The process of the concentration of populations in the urban centres is linked closely to the processes of economic, political, cultural and religious changes. Since the industrial revolution and rise of capitalism, the phenomenon of urbanisation has taken on a universal character. Today, the most densely populated cities in Nigeria are located in the headquarters or capitals of different states and some suburbs or satellite towns. These places are densely populated because the expectations of improved new social and economic life are high. More so, the cities became focal points for political, economic and judicial activities, which attracted rural dwellers. The development of urbanisation and industrial revolution that led to the influx of people from the countryside to the cities for improved economic and social life, brought along side its own negative influences on the African societies. Quacoopome (1987:189–190) argued that ‘the advent of western civilization has brought in its wake urbanization and industrialization which have disturbed and transformed the relative peaceful and stable order of the rural areas’. It is also in this light that Beauchemin, Henry and Schoumaker (2004:3) argued that ‘the conventional view perceives urbanization as an “explosive” process for which migration is mainly responsible, and which has a negative impact’.

Growth in media communication system

Mass media is regarded as an agent of social change which has had a great influence on the lives of different people. Mass media refers to communication whether written, broadcast or spoken that reaches a large audience. This includes television, radio, advertising, movies, the Internet, newspaper, magazines and so forth. Media communication is a significant force in modern culture; sociologists refer to this as a mediated culture where media reflects and creates the culture. Communities and individuals in Idoma land are fed constantly with messages from multitude of sources like television, billboards, magazines, cinema and so on. While opinions vary as to the extent and type of influence the mass media wields, all sides agree that mass media is a permanent part of modern culture. Mass media provides some good mutual services in our modern societies; this development was noted by Awolalu and Dopamu (1987:284) when they stated that ‘Christians and traditionalists use the instruments to their own advantage when they publicize their programmes’. Adibe (2008b:303) clarified this development when he remarked that ‘the ideas from mass media may re-enforce or disorganize a prior culturally valued knowledge. Hence, mass media is a means of social formation or dis-information’. It is noticeable that radios and televisions and other means of mass media, which come in local languages together with other media apparatus in no small measure, promote acculturation in African culture in general and in Idoma land in particular.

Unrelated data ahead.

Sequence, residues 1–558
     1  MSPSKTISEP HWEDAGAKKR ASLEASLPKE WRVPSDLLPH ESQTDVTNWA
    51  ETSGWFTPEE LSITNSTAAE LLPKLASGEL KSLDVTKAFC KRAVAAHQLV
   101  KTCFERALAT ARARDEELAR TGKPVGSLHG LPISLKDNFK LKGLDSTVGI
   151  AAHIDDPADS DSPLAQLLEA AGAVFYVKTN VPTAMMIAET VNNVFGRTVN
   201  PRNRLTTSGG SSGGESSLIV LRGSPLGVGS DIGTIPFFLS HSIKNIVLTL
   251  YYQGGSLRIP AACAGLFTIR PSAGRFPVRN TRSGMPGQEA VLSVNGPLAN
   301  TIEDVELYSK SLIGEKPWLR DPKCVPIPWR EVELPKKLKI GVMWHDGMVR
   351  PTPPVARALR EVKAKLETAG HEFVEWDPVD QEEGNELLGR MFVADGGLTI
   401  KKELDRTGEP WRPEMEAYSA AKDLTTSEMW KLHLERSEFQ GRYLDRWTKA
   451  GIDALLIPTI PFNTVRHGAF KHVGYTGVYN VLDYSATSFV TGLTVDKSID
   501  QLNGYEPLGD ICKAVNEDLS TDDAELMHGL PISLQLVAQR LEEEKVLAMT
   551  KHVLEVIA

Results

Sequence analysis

Findings of the research

The Idoma culture was rich and intact before the advent of Christianity, but the growth of Christianity with its education in the area introduced religious and social changes, which affected the people positively as well as negatively. One of the positive impacts of Christianity on Idoma culture was the abolition of killing of twins. Before the advent of Christianity, the Africans and Idoma people in particular considered it an abomination to give birth to more than one child at a time. According to Ugwu (1999:58), ‘this was done because they felt that it was an abomination to the earth deity and the ancestral spirits’. With the effort of the missionaries and Mary Slessor in particular, this unjust practice ended in Nigeria and Idoma land. The eradication of human sacrifice was another positive impact of Christianity on Idoma culture. This was normally carried out in the form of atonement when there was an abomination in the land leading to a breach of harmony between the spirit world and the communities. A good example can be demonstrated with the burial of chiefs along with slaves who would serve them (the chiefs) in the underworld. The Christian missionaries also provided health delivery services through the establishment of hospitals. These include Grimad Hospital Adupi, Immaculate Heart Maternity Dispensary, Orkam, Idada Christian Hospital Apa, Holley Memorial Hospital Ochadamu, to name a few.